On the Job: Technology Makes More Time for the Human Touch

15 Nov, 2004 By: Cadalyst Staff Cadalyst

Roland DGA 3D technology has dramatically improved the process for making medical prostheses. Rather than spending tedious hours hand sculpting, anaplastologists are now using the Roland MDX-650 milling device and a PIX-30 3D scanner to quickly produce prosthetic parts with improved accuracy and realism.

The Roland MDX-650 benchtop SRP (subtractive rapid prototyping) device turns CAD files into medical prosthetics, functional prototypes, and short-run molds. The unit mills polyurethane, ABS, modeling wax, and aluminum as fast as 200-inches per minute. The PIX-30 3D Scanner uses the company's Active Piezo Sensor technology to perform extremely high-precision scanning. It creates wire-frame models used for 3D prosthetics, prototyping, computer graphics and animation, and product development.

COMPRU -- the head and neck reconstruction unit from the Caritas Health Group at Misericordia Community Hospital in Edmonton, Alberta -- is among the first to take advantage of this technology -- a new trend in facial reconstruction.

"Roland 3D technology has tremendous potential to impact the facial prosthetic field," said Rosemary Seelaus, COMPRU anaplastologist. "It saves a significant amount of time hand sculpting so that I can quickly establish form and position. I can focus on the final details that make the prosthesis realistic. The technology preserves my clinical energy for the patient."

The COMPRU team includes specialists in jaw and facial prosthetics, surgery, hearing, speech, dermatology, pathology, hyperbaric medicine, psychology, biomechanical engineering, and radiology. Its members are leading medical care providers, researchers, and teachers. Seelaus is specially trained to make prostheses for the face with great realism and likeness to the natural anatomy. Seelaus recently made a prosthesis for a man who lost his left ear. Before using Roland 3D technology, she would have created a plaster cast from an impression taken of the patient's existing ear and used its mirror image as a guide for hand sculpting the ear from modeling wax. This process was long and tedious.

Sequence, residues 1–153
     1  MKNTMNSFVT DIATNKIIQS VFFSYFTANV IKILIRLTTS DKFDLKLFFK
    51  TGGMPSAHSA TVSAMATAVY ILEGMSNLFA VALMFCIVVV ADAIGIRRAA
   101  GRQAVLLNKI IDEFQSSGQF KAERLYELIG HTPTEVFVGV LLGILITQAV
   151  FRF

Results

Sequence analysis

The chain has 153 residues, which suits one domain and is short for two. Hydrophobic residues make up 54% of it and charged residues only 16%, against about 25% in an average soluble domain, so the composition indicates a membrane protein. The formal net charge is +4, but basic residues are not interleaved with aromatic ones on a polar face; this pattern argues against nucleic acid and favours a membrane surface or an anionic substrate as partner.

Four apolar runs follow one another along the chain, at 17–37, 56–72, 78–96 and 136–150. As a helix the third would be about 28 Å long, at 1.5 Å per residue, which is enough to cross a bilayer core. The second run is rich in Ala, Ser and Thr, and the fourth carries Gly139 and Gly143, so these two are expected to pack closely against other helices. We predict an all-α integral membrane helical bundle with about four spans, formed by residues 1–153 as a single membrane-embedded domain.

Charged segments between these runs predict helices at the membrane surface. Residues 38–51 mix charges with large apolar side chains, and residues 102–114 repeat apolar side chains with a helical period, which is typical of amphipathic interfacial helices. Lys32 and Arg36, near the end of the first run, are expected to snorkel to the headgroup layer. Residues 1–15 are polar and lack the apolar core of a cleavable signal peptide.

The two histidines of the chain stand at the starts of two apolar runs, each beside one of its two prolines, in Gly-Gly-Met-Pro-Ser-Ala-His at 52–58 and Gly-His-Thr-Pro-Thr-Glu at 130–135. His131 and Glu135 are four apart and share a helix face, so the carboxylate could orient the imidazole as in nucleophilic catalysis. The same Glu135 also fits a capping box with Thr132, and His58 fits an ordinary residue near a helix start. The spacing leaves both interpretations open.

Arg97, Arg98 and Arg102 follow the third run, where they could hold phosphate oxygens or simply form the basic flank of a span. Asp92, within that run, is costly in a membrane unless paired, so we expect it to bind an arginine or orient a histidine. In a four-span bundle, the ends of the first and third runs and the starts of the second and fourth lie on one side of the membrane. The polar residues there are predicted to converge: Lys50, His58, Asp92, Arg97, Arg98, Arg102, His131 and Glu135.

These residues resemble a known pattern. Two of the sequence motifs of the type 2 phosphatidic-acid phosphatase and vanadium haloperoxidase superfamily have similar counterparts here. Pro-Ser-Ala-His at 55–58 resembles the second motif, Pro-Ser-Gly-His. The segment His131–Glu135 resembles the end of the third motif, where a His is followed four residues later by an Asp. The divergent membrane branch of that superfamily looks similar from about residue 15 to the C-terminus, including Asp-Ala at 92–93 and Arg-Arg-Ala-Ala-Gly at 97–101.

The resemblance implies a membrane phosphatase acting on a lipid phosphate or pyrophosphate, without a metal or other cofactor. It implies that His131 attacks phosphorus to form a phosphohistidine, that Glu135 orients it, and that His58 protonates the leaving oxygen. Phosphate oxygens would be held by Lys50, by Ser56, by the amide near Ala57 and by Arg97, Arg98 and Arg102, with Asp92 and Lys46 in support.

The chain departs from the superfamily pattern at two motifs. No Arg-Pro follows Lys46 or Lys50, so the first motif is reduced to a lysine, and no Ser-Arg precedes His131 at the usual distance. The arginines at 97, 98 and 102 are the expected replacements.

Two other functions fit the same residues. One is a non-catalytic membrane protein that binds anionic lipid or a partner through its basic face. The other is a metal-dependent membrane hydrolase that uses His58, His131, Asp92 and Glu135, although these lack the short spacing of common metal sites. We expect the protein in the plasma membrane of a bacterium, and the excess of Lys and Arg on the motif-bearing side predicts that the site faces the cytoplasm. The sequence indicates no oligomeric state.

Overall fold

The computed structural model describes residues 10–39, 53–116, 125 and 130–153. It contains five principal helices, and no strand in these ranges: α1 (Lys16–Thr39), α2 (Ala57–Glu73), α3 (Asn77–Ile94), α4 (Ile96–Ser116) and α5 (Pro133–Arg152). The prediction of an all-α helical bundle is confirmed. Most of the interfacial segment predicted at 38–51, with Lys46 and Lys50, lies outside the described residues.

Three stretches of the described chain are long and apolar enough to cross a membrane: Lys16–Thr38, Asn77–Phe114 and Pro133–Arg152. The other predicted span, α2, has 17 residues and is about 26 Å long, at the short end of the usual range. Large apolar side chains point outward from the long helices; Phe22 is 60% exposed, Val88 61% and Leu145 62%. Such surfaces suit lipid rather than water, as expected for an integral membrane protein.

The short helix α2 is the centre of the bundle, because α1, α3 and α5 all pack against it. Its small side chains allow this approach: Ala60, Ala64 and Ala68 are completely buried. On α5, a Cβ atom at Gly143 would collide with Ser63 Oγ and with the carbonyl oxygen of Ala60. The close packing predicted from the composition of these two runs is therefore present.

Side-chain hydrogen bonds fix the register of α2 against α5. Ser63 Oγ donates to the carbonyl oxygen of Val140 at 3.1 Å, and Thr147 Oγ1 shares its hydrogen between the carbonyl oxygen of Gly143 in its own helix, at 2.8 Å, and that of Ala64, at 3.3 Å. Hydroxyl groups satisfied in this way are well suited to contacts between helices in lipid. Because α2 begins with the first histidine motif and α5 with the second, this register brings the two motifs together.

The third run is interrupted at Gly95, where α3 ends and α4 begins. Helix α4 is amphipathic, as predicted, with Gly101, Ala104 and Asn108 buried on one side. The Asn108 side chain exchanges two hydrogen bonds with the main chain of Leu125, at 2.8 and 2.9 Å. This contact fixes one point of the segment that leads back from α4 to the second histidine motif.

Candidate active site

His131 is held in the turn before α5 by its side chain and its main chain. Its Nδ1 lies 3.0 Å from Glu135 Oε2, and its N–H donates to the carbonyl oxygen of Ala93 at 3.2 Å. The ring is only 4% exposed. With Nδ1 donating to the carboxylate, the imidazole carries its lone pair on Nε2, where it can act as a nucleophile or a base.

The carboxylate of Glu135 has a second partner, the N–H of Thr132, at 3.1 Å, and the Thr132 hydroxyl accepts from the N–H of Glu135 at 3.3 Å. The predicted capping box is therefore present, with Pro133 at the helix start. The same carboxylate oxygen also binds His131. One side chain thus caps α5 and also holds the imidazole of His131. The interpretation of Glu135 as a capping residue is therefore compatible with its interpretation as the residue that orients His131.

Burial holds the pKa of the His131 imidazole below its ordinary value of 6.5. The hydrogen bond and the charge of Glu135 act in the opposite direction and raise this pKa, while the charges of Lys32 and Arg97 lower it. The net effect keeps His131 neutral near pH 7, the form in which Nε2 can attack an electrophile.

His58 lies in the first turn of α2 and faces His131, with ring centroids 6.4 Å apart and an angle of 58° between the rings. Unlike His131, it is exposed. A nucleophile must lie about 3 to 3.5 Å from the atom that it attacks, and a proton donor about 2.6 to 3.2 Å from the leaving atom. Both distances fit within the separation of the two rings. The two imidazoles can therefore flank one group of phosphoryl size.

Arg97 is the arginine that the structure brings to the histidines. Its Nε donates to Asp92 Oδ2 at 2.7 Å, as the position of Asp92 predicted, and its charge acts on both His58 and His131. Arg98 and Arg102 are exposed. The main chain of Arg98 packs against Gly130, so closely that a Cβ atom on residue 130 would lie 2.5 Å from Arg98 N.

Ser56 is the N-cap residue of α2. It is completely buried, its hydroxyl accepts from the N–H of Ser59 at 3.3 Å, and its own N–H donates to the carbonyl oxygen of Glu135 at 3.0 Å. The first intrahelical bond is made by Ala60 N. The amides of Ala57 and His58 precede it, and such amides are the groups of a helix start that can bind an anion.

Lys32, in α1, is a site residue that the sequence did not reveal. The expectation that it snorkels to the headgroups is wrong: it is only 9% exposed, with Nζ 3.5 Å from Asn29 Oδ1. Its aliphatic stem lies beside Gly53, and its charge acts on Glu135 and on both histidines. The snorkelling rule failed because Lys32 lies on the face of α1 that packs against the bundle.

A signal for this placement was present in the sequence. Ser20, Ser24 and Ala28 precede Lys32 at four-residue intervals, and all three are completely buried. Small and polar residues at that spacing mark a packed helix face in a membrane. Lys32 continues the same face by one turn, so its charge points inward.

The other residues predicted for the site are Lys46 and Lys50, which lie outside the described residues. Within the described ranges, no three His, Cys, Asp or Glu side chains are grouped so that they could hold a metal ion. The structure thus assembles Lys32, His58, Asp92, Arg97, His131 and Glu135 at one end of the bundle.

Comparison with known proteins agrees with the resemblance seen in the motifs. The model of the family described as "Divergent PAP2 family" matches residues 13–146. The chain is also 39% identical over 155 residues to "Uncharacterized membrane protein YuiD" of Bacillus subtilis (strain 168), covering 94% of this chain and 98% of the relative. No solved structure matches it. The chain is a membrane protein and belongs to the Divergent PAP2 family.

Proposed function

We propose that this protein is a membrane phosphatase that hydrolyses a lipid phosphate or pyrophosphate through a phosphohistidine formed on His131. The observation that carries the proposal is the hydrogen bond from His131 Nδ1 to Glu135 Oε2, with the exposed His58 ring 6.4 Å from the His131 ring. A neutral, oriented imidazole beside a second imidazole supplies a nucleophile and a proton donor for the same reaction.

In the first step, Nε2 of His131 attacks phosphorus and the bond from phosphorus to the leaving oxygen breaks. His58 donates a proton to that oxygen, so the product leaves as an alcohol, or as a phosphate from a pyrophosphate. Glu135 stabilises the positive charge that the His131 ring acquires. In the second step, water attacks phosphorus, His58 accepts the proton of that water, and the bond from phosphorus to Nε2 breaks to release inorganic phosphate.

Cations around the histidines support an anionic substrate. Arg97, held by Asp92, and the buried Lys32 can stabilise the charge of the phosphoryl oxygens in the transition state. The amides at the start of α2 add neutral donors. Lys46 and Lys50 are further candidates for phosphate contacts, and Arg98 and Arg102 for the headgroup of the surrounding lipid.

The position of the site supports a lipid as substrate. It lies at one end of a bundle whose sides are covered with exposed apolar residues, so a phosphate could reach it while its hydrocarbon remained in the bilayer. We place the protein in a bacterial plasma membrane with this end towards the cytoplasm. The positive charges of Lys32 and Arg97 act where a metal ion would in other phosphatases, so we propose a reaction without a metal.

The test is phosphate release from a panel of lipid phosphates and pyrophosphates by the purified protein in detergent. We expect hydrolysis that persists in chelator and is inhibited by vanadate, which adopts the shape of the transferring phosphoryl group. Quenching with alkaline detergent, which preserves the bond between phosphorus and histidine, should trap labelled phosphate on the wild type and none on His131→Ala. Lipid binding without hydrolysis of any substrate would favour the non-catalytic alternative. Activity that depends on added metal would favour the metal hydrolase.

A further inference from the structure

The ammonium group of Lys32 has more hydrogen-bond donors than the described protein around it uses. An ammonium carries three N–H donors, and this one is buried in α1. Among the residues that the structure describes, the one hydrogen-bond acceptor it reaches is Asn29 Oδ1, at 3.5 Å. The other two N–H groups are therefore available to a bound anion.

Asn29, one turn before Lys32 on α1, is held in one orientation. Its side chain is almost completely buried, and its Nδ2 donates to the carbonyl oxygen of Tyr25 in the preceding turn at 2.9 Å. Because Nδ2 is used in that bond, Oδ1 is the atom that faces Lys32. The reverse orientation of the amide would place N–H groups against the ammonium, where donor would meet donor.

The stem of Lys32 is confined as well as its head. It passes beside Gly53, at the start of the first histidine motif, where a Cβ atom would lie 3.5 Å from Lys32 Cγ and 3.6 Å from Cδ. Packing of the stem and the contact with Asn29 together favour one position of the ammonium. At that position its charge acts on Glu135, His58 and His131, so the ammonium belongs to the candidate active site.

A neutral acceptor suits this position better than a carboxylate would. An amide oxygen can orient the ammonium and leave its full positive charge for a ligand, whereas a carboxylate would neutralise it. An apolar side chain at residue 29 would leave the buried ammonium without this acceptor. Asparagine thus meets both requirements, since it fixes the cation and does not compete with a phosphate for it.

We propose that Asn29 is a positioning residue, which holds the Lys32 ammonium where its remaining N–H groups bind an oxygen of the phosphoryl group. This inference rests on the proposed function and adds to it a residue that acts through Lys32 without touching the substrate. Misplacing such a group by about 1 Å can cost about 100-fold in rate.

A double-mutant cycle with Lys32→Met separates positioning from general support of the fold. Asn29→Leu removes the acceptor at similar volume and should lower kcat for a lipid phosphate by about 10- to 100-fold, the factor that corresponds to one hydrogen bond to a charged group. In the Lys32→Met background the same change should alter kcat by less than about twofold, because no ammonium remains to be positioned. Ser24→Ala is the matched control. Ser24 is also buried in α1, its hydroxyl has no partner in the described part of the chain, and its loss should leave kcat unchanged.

Today, she scans the plaster cast of the patient's good ear using the Roland PIX-30, digitally mirrors the scanned file, and mills it with a Roland MDX-650 (figure 1).

Figure 1. Detail of the surface texture of the milled ear form (left); milled mirror-image ear (center); and milled ear form reproduced in clinical sculpting wax (right).

This gives her more time with the patient to assess the ear model for accuracy, form, and position. She duplicates the model by hand in a softer, flesh-tone wax to finalize form and fit on the patient. The prosthetic ear is then ready to wear (figure 2), showing every wrinkle and pore in the skin.

Figure 2. The patient and his unaffected ear (left), and wearing the prosthetic ear developed using Roland 3D scanning and milling technology (right).

Roland DGA

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